"I am going to circumnavigate the world on foot." I thought my voice sounded surefooted but I could feel my shoulders clench upwards, giving away my lack of confidence in the silent moments before they responded to my whispered confession. I wanted to be bold, brave and even fierce in my declaration of this walkabout but I knew I was just as scared as the friend who was already beginning to worry about me while I staked my claim of earthly wondering.
The most common responses from my girlfriends were a range of "Wow. Holy shit! That sounds exciting. I'm so jealous. I want to walk with you in Nepal!" And the most common response from my male friends were "Have you walked long distance before? Have you camped alone? Do you have the equipment for this? Please tell me you'll consider carrying a gun."
But there is one mutual question that comes up, whether its a friend or stranger, and thats "how did you have this idea?"
I can trace the lineage of its sprouting, even an adventurous yearning, but it wasn't something I marinated over or even had an aha moment to toast to. It was a magical, adventurous and scary idea. And it was the first calling I had that wasn't formed by sticky-notes and business meetings with logic or an outline of my five-year plan (which is ironic since that's the estimated time it will take to walk). All of my professions were a result of me postulating, daydreaming, outlining, strategizing, practicalizing, and basically creating something out of necessity.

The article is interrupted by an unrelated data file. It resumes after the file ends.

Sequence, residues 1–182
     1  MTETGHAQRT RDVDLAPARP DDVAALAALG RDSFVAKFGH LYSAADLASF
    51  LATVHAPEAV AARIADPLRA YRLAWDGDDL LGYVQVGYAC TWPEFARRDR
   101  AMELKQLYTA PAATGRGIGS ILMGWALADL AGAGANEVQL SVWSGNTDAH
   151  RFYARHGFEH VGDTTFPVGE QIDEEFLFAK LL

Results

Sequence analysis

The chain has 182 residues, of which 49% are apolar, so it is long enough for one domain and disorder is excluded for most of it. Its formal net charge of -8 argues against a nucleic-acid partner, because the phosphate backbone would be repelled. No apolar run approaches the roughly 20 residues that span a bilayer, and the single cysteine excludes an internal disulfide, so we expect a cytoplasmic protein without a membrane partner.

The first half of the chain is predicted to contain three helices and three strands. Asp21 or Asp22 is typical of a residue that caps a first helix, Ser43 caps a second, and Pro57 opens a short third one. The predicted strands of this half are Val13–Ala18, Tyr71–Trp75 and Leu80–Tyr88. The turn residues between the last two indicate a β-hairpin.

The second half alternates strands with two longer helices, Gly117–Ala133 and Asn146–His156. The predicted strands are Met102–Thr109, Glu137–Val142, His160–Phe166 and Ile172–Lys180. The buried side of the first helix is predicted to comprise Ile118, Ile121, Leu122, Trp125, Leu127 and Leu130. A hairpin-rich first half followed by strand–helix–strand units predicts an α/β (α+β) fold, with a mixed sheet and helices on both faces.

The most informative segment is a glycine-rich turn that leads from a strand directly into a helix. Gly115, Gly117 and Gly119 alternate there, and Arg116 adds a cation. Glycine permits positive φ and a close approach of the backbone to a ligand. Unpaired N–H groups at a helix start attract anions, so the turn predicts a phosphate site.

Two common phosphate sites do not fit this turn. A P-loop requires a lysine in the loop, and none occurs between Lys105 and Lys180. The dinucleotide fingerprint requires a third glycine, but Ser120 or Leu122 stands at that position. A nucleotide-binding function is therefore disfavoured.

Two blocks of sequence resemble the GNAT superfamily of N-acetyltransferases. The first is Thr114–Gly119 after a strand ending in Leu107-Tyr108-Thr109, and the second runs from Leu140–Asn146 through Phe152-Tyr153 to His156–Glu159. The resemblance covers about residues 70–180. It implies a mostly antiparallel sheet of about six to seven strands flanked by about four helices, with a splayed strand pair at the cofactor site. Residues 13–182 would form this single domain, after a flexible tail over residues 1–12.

After I overcame the initial excitement and shock that I was becoming more fully committed to this walk, I began studying and planning. I read all the books I could on women who walked before me and inspired me. The three adventurers that held me together when I thought all was lost in this venture were Ffyona Campbell, Rosie Swale-Pope and Robyn Davidson.
They were the brave ones before me that took feet to earth and left their brick and mortar homes for one in the wild and within themselves.
I can easily admit that if it weren't for immersing myself into their journeys I could have talked myself out of this idea. I could have raised the white-flag before even leaving home.
But once it was there, it curled up in my lap like a purring kitten seeking a home, and I knew I couldn't walk away from it (pun intended!)
I now walk to the coffee shop, through the grocery store, or the trails in my backyard with a new conviction.
This is what I was made for.
This is what I have always wanted.
And even though I will go this alone, it will be my greatest attempt to connect and support what I love most: sisterhood.